“Mkll” says he devotes “three to four hours a day” to the hunt; Vieira says he has spent “many sleepless nights” on research, but now limits his time to “a few hours” every day. “I’m amazed at the energy devoted to this online,” says B. George of the Archive of Contemporary Music, a music library and research center in New York that was contacted by the Reddit group. “The posts read like the live commentary and betting strings that accompany bootleg sports sites.”
“It’s exactly the fact that people cannot locate it in four seconds that makes it interesting.”
At this point, glimmers of sonic hope remain. NDR has found 21 recorded shows in its archive — out of hundreds — and are now in the process of listening back to them and hunting down playlists. Meanwhile, in Hamburg, Holger Roloff, currently the owner of the Amöbenklang label, taped hours and hours of music from NDR music shows that showcased rock from the West. He’s pretty sure his cassettes include some of Baskerville’s shows, but has no idea if the mystery song is on any of them. Nonetheless, Roloff has began the slow, laborious process of listening back to all his cassettes, most of which aren’t dated and simply have handwritten notations like “Deutsch New Wave” or “New Power Musik.” “This needs a lot of time,” he admits. “It will presumably last several years.”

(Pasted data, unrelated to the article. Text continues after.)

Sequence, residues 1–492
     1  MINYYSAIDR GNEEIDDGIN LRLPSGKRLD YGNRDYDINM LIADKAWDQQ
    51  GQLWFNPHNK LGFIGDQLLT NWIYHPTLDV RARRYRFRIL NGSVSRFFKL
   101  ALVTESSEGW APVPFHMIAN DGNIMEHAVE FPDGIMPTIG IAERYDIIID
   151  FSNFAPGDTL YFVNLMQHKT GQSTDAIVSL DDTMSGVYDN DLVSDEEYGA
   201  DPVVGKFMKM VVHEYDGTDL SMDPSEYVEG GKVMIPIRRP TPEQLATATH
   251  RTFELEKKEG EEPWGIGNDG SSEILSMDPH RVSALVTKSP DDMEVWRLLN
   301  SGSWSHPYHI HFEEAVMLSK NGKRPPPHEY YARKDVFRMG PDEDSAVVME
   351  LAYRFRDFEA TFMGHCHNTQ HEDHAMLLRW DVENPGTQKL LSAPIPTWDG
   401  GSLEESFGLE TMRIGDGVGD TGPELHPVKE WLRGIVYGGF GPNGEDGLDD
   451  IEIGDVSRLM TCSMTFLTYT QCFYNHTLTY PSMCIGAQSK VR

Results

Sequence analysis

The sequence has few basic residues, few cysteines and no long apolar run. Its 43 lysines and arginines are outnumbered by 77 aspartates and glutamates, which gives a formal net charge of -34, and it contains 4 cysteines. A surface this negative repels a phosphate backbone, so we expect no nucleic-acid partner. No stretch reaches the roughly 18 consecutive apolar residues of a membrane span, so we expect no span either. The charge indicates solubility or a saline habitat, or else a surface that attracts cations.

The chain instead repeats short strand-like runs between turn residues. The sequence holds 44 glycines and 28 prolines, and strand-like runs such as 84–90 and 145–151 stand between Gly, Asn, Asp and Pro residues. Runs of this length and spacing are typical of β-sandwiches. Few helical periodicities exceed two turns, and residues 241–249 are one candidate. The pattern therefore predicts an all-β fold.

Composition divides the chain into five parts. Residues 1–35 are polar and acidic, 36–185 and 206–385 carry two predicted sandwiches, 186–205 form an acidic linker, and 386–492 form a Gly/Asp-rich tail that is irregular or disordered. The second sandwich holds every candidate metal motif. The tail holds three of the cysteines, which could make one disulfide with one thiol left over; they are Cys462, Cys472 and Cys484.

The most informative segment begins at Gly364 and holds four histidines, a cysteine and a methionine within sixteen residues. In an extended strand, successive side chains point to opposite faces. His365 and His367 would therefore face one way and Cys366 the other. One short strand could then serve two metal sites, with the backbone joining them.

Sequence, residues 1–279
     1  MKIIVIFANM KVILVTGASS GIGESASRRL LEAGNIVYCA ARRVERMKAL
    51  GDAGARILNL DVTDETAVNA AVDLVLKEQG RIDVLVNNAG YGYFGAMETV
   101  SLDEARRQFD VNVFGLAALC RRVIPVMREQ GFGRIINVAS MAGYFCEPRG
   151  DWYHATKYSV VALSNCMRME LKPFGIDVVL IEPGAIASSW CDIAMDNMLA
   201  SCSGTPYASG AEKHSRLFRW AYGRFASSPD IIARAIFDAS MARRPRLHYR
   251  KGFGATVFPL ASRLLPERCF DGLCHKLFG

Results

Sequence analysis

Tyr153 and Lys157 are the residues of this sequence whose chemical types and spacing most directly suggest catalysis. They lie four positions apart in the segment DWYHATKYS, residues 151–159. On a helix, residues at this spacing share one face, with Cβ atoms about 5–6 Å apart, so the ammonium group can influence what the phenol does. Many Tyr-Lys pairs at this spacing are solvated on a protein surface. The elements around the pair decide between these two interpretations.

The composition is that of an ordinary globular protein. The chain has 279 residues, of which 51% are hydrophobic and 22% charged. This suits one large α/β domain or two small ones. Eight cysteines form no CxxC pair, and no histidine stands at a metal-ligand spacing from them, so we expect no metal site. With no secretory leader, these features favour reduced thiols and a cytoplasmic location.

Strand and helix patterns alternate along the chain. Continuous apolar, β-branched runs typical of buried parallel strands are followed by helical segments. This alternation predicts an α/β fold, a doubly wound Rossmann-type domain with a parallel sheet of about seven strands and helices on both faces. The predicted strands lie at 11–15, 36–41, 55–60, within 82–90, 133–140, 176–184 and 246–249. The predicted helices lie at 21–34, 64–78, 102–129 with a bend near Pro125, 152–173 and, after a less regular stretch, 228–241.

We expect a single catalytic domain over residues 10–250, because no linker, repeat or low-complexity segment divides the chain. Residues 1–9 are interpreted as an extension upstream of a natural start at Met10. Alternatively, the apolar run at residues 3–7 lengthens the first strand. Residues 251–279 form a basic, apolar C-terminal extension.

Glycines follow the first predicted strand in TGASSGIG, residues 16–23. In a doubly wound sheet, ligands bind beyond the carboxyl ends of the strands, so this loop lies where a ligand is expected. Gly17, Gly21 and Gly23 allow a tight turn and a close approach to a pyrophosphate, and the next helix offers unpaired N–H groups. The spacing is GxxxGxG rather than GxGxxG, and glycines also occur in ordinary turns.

Exactly why so many people are investing so much time and energy into this search baffles someone like Baskerville. “I don’t want to sound like a traitor to the cause, but I don’t know what all the fuss is about,” the DJ says. “If I thought it was the best thing since sliced bread, I probably would be more interested, but I don’t think it’s a particular interesting song.” For his part, “Mkll” insists it’s about acknowlegement, that “the people behind the song get proper credits for their work.” A mysterious poster claimed credit for the song and put it on Spotify, but others determined he wasn’t even born when it was released.